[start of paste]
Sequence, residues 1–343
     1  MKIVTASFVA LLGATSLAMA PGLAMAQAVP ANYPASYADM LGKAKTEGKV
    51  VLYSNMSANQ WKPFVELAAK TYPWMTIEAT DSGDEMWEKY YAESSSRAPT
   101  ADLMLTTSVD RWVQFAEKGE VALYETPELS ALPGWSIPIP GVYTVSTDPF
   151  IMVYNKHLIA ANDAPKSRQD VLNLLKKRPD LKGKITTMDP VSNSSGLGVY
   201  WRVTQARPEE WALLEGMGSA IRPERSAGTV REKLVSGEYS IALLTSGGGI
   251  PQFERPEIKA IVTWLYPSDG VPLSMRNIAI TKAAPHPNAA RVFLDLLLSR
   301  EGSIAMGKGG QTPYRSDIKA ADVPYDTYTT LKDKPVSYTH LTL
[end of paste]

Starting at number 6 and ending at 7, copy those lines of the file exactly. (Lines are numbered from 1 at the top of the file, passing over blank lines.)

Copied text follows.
   201  WRVTQARPEE WALLEGMGSA IRPERSAGTV REKLVSGEYS IALLTSGGGI
   251  PQFERPEIKA IVTWLYPSDG VPLSMRNIAI TKAAPHPNAA RVFLDLLLSR